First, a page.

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99's On the Go
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Creative Learning Director of
The Flirefly Group.
© 2016 Brian Remer
Updated Sept. 2016
99's on the 9th
based on 99-Word Stories that
come to you on the 9th of every month.
In Sight: The hidden value of loss
Read this story aloud or make copies for your group or team members.
"I didn't recognize you without my glasses," Chloe admitted when she saw me at the pool.
It made me think: If I lost my glasses, I'd have to make big changes. I'd have to listen more, rely upon other senses, slow down. I'd need to develop support resources, invent coping strategies. Perhaps I'd become more thoughtful, more reflective. Mostly, I hope I would concentrate on building and reinforcing relationships with the people I truly care about.
Perhaps it takes losing your glasses (even if only in your mind's eye) to help you focus on what's really important.
You can build upon the theme of this 99-Word Story by using some of the following questions for your own reflection or to spark a discussion within your team or organization.
There are many ways to understand this story as the discussion questions suggest. If you or your group would like to compare or contrast your interpretation with an outside viewpoint, consider this analysis.
If you are lucky, you'll live long enough to have a disability. Perhaps that sounds like bad luck to you but a loss can actually add value.
The truth is, unless we meet a sudden demise, all of us will have to compensate for the loss of our physical and mental abilities. And there are many other types of loss waiting to cross our path: loss of wealth, property, status, friendships, loved ones, even our values. Some we will give up deliberately, others not.
Loss is part of the human experience. And just as it's a part of our personal lives, it's a part of our organizational lives as well.
In our organizations, we lose contracts and grants, customers and clients, investors and donors, leaders, employees, and team members. Hopefully, wise leaders and committed staff have built an organization that is resilient. Perhaps they have practiced scenario planning to invent contingencies for the future. Maybe there is a mentoring system to address the succession of leadership.
Unfortunately, even the best plans can hit a profound and sudden dead end. When my friend, Vance, moved to an assisted living facility due to an unexpected health problem, I asked what it was like to make that transition. In response he said, "Sometimes you have to face reality." On the other hand, Ken, aged 98, lives in a two story walk-up unable to conceive that one day those stairs may make him a prisoner in his own home.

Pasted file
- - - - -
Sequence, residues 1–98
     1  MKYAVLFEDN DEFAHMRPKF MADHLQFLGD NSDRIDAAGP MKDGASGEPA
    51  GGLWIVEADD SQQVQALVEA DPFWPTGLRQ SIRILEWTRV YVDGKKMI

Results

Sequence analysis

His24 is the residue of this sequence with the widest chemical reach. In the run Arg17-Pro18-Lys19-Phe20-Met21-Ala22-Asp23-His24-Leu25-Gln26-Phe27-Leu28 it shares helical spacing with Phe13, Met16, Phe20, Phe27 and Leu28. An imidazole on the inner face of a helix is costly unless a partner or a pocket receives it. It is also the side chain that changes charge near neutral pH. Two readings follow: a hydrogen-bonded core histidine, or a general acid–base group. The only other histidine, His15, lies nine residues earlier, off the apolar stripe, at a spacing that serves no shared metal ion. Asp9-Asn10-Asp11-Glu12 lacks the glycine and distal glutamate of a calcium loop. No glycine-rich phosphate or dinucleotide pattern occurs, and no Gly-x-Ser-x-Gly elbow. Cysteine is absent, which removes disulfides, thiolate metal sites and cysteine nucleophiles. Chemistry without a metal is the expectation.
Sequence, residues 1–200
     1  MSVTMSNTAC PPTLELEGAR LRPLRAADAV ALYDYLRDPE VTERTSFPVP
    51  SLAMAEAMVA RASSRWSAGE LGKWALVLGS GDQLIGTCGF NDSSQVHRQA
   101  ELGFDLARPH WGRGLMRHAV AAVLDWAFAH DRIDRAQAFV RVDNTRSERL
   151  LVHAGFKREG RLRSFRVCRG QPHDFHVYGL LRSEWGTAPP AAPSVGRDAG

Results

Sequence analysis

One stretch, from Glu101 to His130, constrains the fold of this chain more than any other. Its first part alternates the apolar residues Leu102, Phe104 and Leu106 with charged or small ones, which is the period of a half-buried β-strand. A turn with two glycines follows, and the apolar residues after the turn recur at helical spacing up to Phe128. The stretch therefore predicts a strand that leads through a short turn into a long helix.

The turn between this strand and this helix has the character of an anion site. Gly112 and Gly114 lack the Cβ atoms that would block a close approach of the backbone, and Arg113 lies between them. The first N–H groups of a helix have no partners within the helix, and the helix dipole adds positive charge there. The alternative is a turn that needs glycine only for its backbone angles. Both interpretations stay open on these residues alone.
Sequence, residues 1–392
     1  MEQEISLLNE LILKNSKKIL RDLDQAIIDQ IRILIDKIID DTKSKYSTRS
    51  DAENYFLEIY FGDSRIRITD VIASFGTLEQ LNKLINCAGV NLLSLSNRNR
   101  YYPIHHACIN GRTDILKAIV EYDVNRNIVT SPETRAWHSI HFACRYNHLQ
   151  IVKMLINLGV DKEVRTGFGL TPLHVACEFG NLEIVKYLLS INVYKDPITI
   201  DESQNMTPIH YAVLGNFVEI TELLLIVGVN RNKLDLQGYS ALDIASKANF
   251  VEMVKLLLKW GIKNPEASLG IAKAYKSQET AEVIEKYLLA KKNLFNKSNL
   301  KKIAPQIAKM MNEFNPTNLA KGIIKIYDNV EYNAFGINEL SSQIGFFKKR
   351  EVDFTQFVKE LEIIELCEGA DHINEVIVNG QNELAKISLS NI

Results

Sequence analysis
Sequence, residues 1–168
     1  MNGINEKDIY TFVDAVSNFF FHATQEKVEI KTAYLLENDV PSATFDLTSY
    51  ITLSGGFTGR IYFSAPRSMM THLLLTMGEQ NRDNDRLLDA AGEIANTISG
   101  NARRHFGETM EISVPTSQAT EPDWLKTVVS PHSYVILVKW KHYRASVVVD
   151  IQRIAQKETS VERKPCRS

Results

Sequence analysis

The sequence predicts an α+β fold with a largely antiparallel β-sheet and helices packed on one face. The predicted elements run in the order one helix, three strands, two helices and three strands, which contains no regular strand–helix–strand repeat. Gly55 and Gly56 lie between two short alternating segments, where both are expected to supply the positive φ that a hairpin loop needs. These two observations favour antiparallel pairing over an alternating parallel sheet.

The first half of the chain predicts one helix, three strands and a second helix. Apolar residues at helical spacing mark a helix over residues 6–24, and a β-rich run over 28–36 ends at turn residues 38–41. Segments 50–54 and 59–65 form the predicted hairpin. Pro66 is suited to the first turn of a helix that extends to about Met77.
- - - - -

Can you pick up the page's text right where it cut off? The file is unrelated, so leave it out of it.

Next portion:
Again there is a parallel organizationally. Sometimes we are alert to the changing environment of our profession and able to make transitions gracefully. Other times we become so comfortable doing what we've always done that we don't notice our stagnation until it's too late.
Enduring a loss can debilitate, but the right mindset can help us thrive. That's the hidden value of loss. Do we see loss as an opportunity for learning and growth? Certainly there is an initial time of grief when we can't see anything positive in a loss. But those who eventually get beyond that point often identify new strengths, insights, skills, and opportunities. It depends on what they do with the experience, the story they tell to explain the loss, and whether they expect to learn something as a result.
In reality, all we can do is work with the abilities and disabilities that we currently have. You may wish you had 20/20 vision but you've become legally blind. Work with it. You may wish your team was more cohesive but egos clash and tempers flash. It's still the team you have to do your project.
For better or worse it is our gifts and our losses that make us who we are: a one-of-a-kind human. Same is true for teams. Work with the team you have: identify and focus on what's important, maximize the positive, make improvements as you are able, and use the whole of each individual as best you can.
Did you use this 99-Word Story and the discussion questions or interpretation in your work or personal life? If so, about your experience! If you would like help using 99-Word Stories in your organization, please me.
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